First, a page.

Kelsea Suarez: On Old Chapters and Looking Forward

Photo by Samantha Soon

Name: Kelsea Suarez

School: CAS '18

Major: Politics

Hometown: Colorado Springs, CO

Often, the phases in our lives are fleeting, even though it never feels that way while we are living them. No matter if they “stick” or not, every chapter of our lives teaches us something that we could have only learned in those exact circumstances, shaping and preparing us for what's to come. Previously an elite ice skater, Suarez has helped redistribute more than 150,000 pounds of food to soup kitchens in NYC, and she is currently interning at the United Nations.

As graduation approaches, NYU senior Kelsea Suarez reminisces on her old chapter as an internationally competitive figure skater, reflects on her college experience, and makes plans for the future.

HC NYU: How and when did you first begin ice skating?

KS: I first started when I was eight years old in Orange County, California at the Aliso Viejo Ice Palace Rink. I was taking beginner classes, and one day I met Sasha Cohen, who was a former Olympian - she was really famous at the time. She came to greet all the little ice skaters and I was one of them. From there, I’ve been hooked ever since.

HC NYU: Where did you train?

KS: I trained at the Olympic Training Center World Arena in Colorado Springs, Colorado for five years. I moved there when I was 12, so skating was pretty much my entire childhood.

HC NYU: Did you think it was something you were going to end up doing your entire life?

KS: Not particularly, I moved to Texas from California when I was 9 years old, and I was in between dancing and skating; I actually liked dancing more, but skating provided more of a challenge, so I got hooked on it. Then, when I started landing more jumps and succeeding...I guess I got addicted in a way.

HC NYU: When did you stop?

KS: I stopped when I was maybe 17 years old. I had just finished my last international competition in Val Gardena, and I really enjoyed the experience, but I was also injured at the time. It felt like a good end to my career. For most skaters, you either stop and go to college, or you just end up skating your whole life, so I took the college route and came to NYU.

HC NYU: Why did you choose to come to NYU?

KS: I had always entertained the idea that New York was the city of dreams. I actually didn't visit the college before I came, but I knew I wanted a change in scenery from the suburbs. My brother went to NYU, too, and he really liked it, so I ended up joining him.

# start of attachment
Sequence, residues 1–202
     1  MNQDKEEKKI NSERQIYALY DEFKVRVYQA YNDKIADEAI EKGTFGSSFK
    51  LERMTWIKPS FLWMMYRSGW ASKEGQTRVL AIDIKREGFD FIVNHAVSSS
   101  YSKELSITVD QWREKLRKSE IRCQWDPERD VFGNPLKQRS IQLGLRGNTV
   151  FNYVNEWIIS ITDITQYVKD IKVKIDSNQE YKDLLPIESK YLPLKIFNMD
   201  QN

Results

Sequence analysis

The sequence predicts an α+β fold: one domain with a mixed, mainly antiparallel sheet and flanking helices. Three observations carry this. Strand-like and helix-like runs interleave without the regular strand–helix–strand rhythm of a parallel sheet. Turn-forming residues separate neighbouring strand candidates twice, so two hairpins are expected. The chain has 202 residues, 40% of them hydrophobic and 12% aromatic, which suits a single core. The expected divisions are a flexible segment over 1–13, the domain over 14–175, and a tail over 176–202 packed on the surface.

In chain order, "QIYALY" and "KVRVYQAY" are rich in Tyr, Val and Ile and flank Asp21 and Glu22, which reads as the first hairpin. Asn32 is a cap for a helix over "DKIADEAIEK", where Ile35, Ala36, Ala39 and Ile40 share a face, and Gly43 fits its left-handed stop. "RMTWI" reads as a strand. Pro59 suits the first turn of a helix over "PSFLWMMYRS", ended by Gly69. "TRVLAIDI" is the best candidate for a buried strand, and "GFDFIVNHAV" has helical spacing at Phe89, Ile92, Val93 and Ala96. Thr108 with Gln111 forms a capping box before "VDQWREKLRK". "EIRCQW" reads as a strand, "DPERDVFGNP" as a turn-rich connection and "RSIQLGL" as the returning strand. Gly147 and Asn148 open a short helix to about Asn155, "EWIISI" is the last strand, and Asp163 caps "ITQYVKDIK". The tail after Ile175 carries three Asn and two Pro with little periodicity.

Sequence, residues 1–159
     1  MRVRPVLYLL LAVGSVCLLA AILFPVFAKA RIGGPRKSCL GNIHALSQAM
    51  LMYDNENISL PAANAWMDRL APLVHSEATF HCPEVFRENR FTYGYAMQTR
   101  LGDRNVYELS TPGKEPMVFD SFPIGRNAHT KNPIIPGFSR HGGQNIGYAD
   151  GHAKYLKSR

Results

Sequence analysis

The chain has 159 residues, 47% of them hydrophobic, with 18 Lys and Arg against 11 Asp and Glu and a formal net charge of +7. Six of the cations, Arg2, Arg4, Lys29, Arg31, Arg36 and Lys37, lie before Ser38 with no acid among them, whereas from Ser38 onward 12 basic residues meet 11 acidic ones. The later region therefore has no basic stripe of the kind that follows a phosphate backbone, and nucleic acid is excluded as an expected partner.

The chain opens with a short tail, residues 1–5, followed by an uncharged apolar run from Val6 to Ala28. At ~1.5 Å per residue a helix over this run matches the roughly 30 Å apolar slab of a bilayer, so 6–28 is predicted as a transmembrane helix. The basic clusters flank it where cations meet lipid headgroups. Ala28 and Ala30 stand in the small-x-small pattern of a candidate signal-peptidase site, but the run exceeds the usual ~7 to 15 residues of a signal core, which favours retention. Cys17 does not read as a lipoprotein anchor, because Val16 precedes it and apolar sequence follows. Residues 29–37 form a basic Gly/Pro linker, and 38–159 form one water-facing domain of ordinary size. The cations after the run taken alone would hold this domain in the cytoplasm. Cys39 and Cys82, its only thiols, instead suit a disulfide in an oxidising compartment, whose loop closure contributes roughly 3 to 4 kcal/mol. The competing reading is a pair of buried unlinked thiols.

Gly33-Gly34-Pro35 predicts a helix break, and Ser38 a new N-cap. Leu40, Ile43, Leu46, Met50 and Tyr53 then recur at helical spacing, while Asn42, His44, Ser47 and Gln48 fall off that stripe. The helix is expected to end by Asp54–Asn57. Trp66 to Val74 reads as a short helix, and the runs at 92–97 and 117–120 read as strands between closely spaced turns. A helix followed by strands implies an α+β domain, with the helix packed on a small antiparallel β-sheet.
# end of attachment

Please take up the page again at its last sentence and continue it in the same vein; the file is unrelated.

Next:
HC NYU: What would you say has been the most significant experience you've had during your time at NYU?

KS: I don't think there's any single significant experience that completely stands out from the rest. In terms of extracurricular activities, though, my internships and outside work with nonprofits were definitely one of the biggest parts of my career here. Some of my favorite moments, though, have been spending time with the people I’ve met here and at the soup kitchens.

HC NYU: How did you first get involved in your work with nonprofits?

KS: I stayed in the city the summer after freshman year. None of my friends were in the city and I was getting bored, so I applied to a Facebook job posting for a nonprofit called 'Transfernation.' They were looking for a coordinator to organize volunteers to pick up extra food from companies and take it down to soup kitchens. That was my first job ever, and since then I dedicated my college career to Transfernation and public service. From these experiences, I got even more interested in helping disenfranchised groups, which is why I ended up deciding to major in politics.

HC NYU: What is your current internship?

KS: Right now I’m interning at the United Nations Global Compact, which is the UN initiative focused on corporate responsibility. I really love it. I've had quite a bit of UN experience. For Transfernation, we would sometimes pick up food from the UN and drop it off to soup kitchens, and that's how I met my mentor, Ambassador Dessima Williams. She was the Special Advisor to the President of the General Assembly and Senior Ambassador for the Implementation of the Sustainable Development Goals, and she’s helped guide me in learning more about international relations and the UN. From there, I wanted to learn more about the UN system and how it really worked, so I ended up applying to the Global Compact – didn't really have any expectations, but I got it!

HC NYU: Future plans?

KS: My immediate future plans are crashing on my mom’s couch. I've also been looking into law school. I really like the idea of foreign policy or even international relations… ideally I'd go into international law.

Kelsea is the 2018 Stephen J Brady “Stop Hunger” National Winner and 2018 President’s Service Award winner.

Suarez’s story is a wonderful and motivational reminder of the joy that comes from pursuing your passions, and that all chapters of our lives are invaluable.